The stage was lit up by dim, blue lights, and held a few guitars, a rug, and a loop tool machine. This was the setup for Keller Williams, when he and Jake Shimabukuro co-headlined at Pollack Theatre on Friday, Oct. 25.
The theater was about half full, with an audience that ranged from freshman college students to middle age adults. A lot of the audience members wore Hawaiian shirts or puca-shell necklaces, which fit with the atmosphere due to the headliner being famous for playing the ukulele. When I heard that the main act was famous for strumming the playful Hawaiian instrument, I assumed that the concert would be very chill and possibly a bit boring. I was completely wrong.
Williams walked barefoot onto the stage while playing his acoustic guitar and went on to play two songs. At the end of the second song, he introduced us to the glue of his entire act: his loop machine. A loop machine is a device that can record multiple instruments at a time and play it back to create layers for the song. Williams did this for us live on stage. His ability to use the loop machine was extremely unique, as were his songs.
Williams showed that he has a great sense of humor when one of his songs started with a loud “Oh no! I just remembered I left a doobie in my pocket…” His songs also consisted of a wide vocal range, although the higher notes were a bit pitchy at points. He used the levels of his voice as sound effects in later songs by using the amazing machine.
At the end of Williams’ set, Shimabukuro appeared to duet with the one-man-band, adding his ukulele into the mix of the many instruments playing. The two covered the “Price Tag” by Jessie J, a song that fits the stereotypical idea of what a ukulele player would be a part of: calm and positive. With each pluck and strum, Shimabukuro showed deep emotion on his face, and often stared up at the ceiling. It was a good indication that his set would be full of passion.
The lights go up and intermission begins for the concert. There are murmurs in the crowd of how talented Williams is, and how they are excited for Shimabukuro to play. Audience member Chris T., a junior at the University, said that “[Williams] is a great guitarist, but a better musician…definitely a solid opener for what should be a good act later.”
The duets were also a big hit in the audience, which audience member Ryan Kelly enjoyed. Kelly said, “It was really cool to see a guy who is very good at guitar, and a guy who is very good at ukulele clashing, and covering popular songs.” The duets were a good teaser for the audience, and we all showed our excitement when all the seats filled up again as the lights flashed to signal the end of the intermission.
The theater stayed dark, and as Shimabukuro began to walk on stage, lights started to dance across the ceiling. His first song set standards that I did not know a ukulele was capable of setting.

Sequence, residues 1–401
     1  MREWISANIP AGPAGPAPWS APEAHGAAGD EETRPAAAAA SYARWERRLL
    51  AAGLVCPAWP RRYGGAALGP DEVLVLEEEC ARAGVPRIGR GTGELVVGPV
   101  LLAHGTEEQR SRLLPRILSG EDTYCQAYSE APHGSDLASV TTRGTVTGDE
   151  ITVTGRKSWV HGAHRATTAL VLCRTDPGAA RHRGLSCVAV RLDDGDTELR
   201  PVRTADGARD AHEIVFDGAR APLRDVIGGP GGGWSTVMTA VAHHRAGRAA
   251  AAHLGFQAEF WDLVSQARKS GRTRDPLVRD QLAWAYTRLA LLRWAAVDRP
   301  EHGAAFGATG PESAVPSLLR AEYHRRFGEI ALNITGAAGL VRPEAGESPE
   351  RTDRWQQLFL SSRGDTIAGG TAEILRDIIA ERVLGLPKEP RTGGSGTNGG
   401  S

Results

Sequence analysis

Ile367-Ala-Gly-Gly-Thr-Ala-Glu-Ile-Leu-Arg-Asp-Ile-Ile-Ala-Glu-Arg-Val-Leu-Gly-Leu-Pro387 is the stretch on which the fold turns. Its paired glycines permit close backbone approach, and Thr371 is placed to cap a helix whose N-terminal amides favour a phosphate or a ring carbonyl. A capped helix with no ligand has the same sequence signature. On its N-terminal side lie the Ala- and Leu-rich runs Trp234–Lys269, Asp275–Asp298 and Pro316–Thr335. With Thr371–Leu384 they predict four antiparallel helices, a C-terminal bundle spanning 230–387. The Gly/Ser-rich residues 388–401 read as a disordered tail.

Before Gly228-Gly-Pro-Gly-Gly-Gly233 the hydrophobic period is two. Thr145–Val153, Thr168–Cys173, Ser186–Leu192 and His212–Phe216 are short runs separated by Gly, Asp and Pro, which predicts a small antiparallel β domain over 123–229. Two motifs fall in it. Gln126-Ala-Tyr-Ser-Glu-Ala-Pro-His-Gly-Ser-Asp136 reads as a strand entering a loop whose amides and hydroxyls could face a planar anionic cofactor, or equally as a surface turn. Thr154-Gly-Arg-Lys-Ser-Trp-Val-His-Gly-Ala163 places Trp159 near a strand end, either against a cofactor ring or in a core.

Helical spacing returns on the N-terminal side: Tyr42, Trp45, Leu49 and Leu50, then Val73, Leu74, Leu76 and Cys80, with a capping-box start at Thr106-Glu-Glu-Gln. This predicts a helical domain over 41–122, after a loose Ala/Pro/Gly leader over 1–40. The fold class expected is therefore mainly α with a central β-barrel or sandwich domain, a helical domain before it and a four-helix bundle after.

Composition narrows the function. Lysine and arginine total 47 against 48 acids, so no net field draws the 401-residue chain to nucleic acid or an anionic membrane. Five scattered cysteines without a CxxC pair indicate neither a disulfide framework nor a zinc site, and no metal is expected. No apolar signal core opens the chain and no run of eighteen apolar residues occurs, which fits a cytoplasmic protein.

There were slow, soft parts; fast, passionate parts; everything in between. It shocked me when I realized this set was not going to be filled with cheery 3-chord Hawaiian pieces, but actual instrumental artistries.
Personally, I am not a fan of all instrumental music, but I was amazed throughout the entire set. As each song changed emotion and theme, the lights dancing on the walls and ceiling would change color and speed. The backdrop of the stage was lit in a soft blue for slower songs, and a deep red for intense songs.
Shimabukuro also spoke to the audience in between almost every song, connecting with us in a way that made us feel like we were as emotionally dedicated to the ukulele as he was. For one of his songs, he told us that it was written by accident when he realized that the third string of his ukulele was missing. It was a very delicate piece, and Shimabukuro’s proud description of his three-string song definitely made it more enjoyable to listen to.
He also shared with us a song he based off of his favorite TV show, which he named “Ukulele 5-O” which brought laughter from the audience.
Shimabukuro also surprised the audience with songs that he said were inspired by rock music. He told us that he was determined to make ukulele concerts much like his first rock concert, Van Halen. Shimabukuro also did a great cover of “Bohemian Rhapsody” by Queen, which had audience members, including myself, quietly singing along as he played.
To close the show Shimabukuro played the song which started it all, which is a YouTube video that went viral of him playing a cover of “While My Guitar Gently Weeps” by The Beatles. The song was amazing and really showed why Shimabukuro deserved to have the recognition that he had earned.
After a huge standing ovation by the entire crowd, Shimabukuro decided to play an encore. He played his favorite tradition Hawaiian pieces, which he explained by saying it was Hawaii’s “Ave Marie.” The song was, in fact, incredibly beautiful, and was a great way to officially close the show. It was peaceful, and had a beautiful melody, as Shimabukuro had told us. Whether or not you like the sound of a ukulele, Shimabukuro takes it to a whole new level. I suggest you check him out and listen to his last album, Grand Ukulele.
PHOTO TAKEN from monmouth.edu